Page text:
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  • Butternut Squash Strudel
  • Butternut Squash Strudel
  • Butternut Squash Strudel
  • Butternut Squash Strudel
  • Butternut Squash Strudel
  • Butternut Squash Strudel
  • Butternut Squash Strudel
  • Butternut Squash Strudel
  • Butternut Squash Strudel

Butternut Squash Strudel

Food | October 23, 2018 | Nik Manojlovich
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With a distinct spiced flavour and flaky phyllo crust, this BUTTERNUT SQUASH STRUDEL is the perfect dessert for autumn entertaining.

I have wanted to prepare and post this recipe for BUTTERNUT SQUASH STRUDEL at Weekend at the Cottage for a very long time. It’s one of my favourite dessert recipes and holds a special place in my heart – when I was a kid, my mom used to make it for me during the fall months. With her no longer around, I had to do some research and testing to get it just right. Hopefully, you’ll give this recipe a go and enjoy it as much as I do – it’s really quite something!

We were able to track down a version of this phyllo dough strudel recipe all the way back to a version in my grandmother’s cookbook, where it’s listed as BUNDEVARA (pumpkin strudel). It comes from the Serbian word BUNDEVA meaning ‘field pumpkin’, which includes not only traditional pumpkin varieties but also squash. Since my mom only ever used butternut squash for this recipe, we followed suit.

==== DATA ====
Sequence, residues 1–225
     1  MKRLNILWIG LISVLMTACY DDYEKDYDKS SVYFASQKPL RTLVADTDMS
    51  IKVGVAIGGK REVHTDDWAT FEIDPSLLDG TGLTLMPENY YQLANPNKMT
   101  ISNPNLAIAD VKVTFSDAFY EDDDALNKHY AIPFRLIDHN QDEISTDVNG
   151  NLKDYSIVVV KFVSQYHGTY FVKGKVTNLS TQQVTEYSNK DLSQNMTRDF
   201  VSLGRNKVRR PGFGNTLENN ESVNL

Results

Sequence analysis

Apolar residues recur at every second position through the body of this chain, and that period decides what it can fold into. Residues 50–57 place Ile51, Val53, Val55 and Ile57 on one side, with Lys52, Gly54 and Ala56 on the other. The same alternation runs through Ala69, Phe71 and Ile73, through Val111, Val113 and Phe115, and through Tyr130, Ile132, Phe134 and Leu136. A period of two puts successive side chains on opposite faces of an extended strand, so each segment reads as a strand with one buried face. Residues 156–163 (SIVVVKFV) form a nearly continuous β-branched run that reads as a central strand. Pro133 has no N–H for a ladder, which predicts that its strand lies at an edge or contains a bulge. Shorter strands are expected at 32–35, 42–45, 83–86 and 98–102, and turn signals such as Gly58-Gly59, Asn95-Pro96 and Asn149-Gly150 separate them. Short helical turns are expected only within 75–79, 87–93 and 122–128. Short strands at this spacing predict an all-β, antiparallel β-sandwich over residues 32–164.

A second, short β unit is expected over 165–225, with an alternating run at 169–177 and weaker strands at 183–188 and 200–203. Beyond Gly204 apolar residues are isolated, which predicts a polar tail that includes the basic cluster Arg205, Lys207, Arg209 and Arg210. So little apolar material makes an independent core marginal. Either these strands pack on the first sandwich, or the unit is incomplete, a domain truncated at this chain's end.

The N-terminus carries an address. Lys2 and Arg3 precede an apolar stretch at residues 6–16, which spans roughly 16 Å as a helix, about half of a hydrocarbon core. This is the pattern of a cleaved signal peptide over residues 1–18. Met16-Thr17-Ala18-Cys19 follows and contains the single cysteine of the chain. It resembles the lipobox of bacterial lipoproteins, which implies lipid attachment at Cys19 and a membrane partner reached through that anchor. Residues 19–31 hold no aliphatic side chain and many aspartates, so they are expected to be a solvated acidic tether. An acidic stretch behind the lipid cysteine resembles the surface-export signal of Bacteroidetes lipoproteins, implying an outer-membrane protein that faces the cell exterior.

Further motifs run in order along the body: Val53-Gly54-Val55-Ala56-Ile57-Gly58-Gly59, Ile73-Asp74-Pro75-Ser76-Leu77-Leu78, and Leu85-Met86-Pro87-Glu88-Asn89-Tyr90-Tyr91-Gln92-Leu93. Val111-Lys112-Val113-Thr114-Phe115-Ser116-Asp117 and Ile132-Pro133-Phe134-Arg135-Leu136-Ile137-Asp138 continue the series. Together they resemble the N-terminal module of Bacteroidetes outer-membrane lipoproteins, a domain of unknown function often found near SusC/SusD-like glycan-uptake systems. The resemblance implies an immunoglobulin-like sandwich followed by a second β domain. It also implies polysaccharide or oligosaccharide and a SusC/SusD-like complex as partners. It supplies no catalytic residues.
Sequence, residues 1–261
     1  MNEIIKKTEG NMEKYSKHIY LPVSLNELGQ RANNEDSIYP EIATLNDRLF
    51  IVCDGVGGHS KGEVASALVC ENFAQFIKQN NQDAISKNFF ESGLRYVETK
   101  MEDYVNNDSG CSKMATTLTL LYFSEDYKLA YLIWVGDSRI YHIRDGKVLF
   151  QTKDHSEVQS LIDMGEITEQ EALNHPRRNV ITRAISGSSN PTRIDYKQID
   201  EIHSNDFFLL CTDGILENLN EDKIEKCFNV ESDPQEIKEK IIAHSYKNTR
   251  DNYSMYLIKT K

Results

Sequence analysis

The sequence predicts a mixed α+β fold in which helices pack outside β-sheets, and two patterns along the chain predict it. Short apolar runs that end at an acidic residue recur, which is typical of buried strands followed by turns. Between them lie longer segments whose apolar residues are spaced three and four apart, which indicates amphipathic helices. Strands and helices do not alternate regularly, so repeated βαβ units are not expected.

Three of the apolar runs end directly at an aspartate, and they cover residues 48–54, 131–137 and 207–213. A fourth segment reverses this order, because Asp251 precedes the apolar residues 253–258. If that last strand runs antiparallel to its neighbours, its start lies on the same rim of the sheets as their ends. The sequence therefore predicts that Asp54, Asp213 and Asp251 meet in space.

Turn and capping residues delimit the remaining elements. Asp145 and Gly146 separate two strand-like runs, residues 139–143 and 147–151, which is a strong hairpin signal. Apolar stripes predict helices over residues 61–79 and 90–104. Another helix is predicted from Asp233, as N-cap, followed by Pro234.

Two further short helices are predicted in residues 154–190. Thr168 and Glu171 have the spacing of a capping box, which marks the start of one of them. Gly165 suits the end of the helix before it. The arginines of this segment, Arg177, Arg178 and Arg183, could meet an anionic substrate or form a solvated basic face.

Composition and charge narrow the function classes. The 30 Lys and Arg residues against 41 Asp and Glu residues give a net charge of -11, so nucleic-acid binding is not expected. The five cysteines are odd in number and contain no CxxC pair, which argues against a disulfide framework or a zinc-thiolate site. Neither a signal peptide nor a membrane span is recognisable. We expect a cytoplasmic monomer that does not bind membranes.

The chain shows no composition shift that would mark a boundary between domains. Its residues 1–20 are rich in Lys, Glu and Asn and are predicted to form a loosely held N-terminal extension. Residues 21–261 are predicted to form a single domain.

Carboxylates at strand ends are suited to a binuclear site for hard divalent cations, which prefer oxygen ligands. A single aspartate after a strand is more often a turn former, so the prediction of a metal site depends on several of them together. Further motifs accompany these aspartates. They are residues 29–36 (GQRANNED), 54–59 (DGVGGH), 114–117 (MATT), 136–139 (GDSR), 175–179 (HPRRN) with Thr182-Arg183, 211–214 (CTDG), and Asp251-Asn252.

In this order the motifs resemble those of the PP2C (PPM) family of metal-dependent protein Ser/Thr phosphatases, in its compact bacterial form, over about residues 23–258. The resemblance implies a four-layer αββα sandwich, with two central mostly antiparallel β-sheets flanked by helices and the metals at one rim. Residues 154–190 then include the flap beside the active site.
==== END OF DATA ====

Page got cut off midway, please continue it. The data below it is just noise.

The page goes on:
I decided not to go with the traditional recipes that call for the flesh of the squash to be cooked down before being rolled up in the phyllo dough, as I wanted the finished dessert to be light and flaky as opposed to compressed and soggy. This approach worked really well and the finished product has a great look, consistency and texture.

There are a few things to keep in mind when you go to make this scrumptious phyllo strudel recipe at home.

THE DOUGHButternut Squash Strudel

I hereby promise to show you how to make homemade, hand stretched yeast dough for strudel, but not right now! Instead, I decided to make this an easy strudel recipe using store-bought phyllo dough. Also called filo dough, this easy-to-use commercially produced ingredient works like a charm for things like strudel, spanakopita, phyllo purses, burek and many more sweet and savory dishes.

If you’ve never worked with it before, just follow the package directions, taking your time until you become familiar with how it handles. Once you have that, it’s all quite simple and straightforward.

 

 

 

THE BUTTERNUTButternut Squash Strudel

I love all kinds of squash and think them especially perfect in the fall and early winter months. If you’re a squash fan like me, don’t forget to check out our CURRIED SQUASH SOUP, our DELICATA SQUASH SIDE DISH or our often-requested SPICED PUMPKIN PIE! Yum, yum and extra yum.

Using butternut squash in a dessert recipe is brilliant and I suggest finely grating it with a food processor as we did. Doing so allows the squash to soften slightly when baked but it doesn’t get all mushy.